Today’s cars are safer than ever. But even with added safety features, car accidents continue to happen daily. A collision is not impossible, even if you are a cautious driver. Somebody else is bound to be drunk or driving under the influence, reckless, speeding, or simply negligent when driving the car. A driver may be distracted because they are texting while driving. As such, crashes happen.
As a motorist, you need to know applicable laws, especially if you get involved in a traffic accident. You should know what to file in an accident report, how to collect evidence, when to call insurance companies, and when to get an accident lawyer.
What you do after an auto accident in Monroe LA can determine whether you get your medical bills and car repairs paid. It can also keep you from breaking Louisiana state laws and having your driver’s license from being suspended.
Also, if you were at fault for a vehicular accident, the actions you take after that can significantly impact your rights.
Our Monroe personal injury lawyers advise the following actions to take after the accident:
1. Relocate to a secure location.
If it is safe to do so, move your vehicle to the shoulder or somewhere safe. Vehicles obstructing traffic can cause further severe injuries to you or other accident victims; however, if it poses more danger to move the cars, leave them where they are.
Furthermore, unless the vehicles pose a considerable threat, you ought to leave the vehicles as they are if there was a fatality or someone was gravely injured in a car accident.
2. Do not admit the accident is your fault.
It is vital not to admit to any wrongdoing even if you think the accident was your fault.
You may be wrong. The other driver may be partially to blame under Louisiana’s “pure comparative negligence” standard. The standard means that each driver involved in an accident is responsible for their relative liability or percentage of fault in the accident. Even apologizing can be misunderstood and keep you from getting the compensatory damages you need from your or the other driver’s insurance company.
However, it is not wrong to ask about the other driver’s condition if he needs medical assistance. If the other driver insists that you take the blame, politely ask them to call your insurer.
3. Call emergency services
Whether the accident injuries are minor or if you were seriously wounded and require prompt medical assistance, do not wait for the authorities. Call 911 or ask somebody else to call for you. Seek medical care for your injuries and continue to document your symptoms or the onset of new symptoms following the injury. Obtain medical care for diagnosis, treatment, and documentation of your injuries. Doing so will enable you to record your injuries which can help you file a personal injury case.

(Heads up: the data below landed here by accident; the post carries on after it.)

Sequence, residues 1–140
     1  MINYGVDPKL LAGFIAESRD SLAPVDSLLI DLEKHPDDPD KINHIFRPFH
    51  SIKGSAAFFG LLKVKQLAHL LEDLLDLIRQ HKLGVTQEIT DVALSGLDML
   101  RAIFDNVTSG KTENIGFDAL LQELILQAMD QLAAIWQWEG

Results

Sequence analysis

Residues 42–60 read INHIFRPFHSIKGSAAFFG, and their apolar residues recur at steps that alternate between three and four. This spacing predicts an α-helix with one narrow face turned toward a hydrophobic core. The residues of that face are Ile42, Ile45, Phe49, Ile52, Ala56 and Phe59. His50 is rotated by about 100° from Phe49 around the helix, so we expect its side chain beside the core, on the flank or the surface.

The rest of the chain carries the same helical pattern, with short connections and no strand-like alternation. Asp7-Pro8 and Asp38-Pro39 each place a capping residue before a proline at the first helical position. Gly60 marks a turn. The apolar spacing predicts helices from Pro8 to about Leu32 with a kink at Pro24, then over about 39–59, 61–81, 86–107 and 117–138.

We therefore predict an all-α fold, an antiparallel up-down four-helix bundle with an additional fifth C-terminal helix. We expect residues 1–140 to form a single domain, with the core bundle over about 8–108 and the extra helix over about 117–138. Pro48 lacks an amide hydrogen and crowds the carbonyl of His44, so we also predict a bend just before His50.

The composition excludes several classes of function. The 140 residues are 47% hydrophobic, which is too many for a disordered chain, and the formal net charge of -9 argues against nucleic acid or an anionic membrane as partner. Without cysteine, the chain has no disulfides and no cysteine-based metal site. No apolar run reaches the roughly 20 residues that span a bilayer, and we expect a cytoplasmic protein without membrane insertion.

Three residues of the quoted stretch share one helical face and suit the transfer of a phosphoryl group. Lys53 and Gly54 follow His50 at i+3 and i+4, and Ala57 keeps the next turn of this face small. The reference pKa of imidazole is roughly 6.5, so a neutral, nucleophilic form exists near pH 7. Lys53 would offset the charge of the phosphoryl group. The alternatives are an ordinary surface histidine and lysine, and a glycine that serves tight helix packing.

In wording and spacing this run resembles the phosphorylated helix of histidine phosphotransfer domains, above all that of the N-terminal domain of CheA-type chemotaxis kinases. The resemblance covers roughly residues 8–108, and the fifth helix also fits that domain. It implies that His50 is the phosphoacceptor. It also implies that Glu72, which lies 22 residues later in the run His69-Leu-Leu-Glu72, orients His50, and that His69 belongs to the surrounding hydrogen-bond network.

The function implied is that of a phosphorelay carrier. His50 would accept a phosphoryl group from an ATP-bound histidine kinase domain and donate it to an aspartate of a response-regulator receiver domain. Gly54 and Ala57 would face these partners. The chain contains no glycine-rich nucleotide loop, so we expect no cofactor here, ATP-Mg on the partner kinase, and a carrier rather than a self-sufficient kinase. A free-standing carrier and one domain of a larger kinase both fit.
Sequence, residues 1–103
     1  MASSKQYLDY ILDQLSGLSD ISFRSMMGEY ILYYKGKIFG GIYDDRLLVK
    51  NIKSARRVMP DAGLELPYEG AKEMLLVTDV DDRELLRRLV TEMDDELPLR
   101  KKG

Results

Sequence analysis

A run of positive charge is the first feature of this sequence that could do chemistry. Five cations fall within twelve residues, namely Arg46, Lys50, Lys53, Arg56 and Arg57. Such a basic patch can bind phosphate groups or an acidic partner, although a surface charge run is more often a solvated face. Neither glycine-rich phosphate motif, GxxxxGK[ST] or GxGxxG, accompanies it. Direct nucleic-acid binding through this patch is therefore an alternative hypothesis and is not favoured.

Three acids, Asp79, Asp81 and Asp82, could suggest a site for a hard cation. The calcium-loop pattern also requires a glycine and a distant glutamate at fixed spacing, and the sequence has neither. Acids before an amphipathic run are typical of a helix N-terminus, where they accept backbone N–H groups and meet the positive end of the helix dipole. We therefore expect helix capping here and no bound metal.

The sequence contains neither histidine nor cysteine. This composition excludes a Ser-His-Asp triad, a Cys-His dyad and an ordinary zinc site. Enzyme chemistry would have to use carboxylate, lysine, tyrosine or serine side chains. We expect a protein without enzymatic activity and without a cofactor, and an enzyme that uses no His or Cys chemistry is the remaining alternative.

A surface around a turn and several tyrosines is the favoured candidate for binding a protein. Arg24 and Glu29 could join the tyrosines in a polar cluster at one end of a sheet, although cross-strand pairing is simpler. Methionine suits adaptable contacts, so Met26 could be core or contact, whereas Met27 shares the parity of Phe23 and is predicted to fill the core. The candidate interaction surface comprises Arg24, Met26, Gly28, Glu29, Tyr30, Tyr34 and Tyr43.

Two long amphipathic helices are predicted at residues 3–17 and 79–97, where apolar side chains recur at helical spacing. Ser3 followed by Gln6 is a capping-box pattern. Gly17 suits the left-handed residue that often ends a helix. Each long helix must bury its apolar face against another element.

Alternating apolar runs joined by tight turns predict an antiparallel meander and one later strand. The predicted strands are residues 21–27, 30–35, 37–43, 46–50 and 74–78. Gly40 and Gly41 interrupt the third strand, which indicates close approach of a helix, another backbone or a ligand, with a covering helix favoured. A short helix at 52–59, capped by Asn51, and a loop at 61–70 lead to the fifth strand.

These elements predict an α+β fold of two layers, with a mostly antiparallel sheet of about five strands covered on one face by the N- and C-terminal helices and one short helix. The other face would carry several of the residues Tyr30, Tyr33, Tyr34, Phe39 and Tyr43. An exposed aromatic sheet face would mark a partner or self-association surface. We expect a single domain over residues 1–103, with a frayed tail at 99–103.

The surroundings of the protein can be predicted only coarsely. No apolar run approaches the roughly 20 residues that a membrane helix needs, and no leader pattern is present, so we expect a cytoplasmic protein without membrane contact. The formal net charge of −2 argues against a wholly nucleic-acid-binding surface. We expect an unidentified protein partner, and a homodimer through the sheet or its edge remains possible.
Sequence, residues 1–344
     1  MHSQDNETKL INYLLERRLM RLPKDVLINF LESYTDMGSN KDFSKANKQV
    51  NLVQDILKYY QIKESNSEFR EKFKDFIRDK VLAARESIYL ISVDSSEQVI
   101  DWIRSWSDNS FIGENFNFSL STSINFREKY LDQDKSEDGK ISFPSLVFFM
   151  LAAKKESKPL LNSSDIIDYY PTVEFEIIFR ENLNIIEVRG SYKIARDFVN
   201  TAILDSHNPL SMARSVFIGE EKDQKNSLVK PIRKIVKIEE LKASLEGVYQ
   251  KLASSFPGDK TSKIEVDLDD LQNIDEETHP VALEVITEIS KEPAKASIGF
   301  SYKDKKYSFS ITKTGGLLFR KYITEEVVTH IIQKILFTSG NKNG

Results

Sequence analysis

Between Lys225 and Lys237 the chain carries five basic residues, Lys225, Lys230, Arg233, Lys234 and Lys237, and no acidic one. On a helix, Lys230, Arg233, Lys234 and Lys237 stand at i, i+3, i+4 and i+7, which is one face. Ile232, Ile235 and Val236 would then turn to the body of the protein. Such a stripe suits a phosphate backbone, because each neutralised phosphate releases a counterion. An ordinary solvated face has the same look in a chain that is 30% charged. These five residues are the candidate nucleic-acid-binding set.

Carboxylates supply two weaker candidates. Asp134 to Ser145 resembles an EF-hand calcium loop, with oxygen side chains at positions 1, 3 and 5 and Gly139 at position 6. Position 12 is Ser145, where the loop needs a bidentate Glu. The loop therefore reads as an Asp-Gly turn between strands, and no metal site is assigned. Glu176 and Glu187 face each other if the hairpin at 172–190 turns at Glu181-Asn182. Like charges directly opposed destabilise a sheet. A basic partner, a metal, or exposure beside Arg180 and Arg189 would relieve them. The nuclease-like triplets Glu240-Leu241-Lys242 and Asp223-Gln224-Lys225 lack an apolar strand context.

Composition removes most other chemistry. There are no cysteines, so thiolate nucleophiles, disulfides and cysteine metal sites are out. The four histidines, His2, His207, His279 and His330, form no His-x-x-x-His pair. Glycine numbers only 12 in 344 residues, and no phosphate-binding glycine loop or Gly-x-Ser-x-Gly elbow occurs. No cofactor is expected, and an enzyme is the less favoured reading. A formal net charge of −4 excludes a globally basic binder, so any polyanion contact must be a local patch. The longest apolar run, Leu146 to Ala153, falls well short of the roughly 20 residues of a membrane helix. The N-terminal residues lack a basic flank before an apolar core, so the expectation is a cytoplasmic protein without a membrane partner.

4. Take pictures of the scene of the accident.
Pictures of the accident scene and the vehicles involved can help your car accident lawyer or adjuster establish what took place. The photos can also prevent false claims against you that you are responsible for the damages to the vehicle or property.
5. Document your version of the accident right away.
As soon as you can, write down everything you can think of about the accident, no matter how trivial it may seem. You must record the details sooner because there may be instances that you will find it difficult to recall important information due to the shock of the accident. Such information may include, but is not limited to the following:
- The date and time of the accident,
- The cross streets and direction of travel of each vehicle,
- Your best estimate of each driver’s speed,
- The color of any visible traffic lights, and
- Any adverse road conditions (such as potholes or bad weather).
6. Document your injuries.
Take, or have somebody else take pictures of any visible injuries with your phone or camera. If you seek medical treatment, ask a nurse or other health professional to take photos of your injuries as well.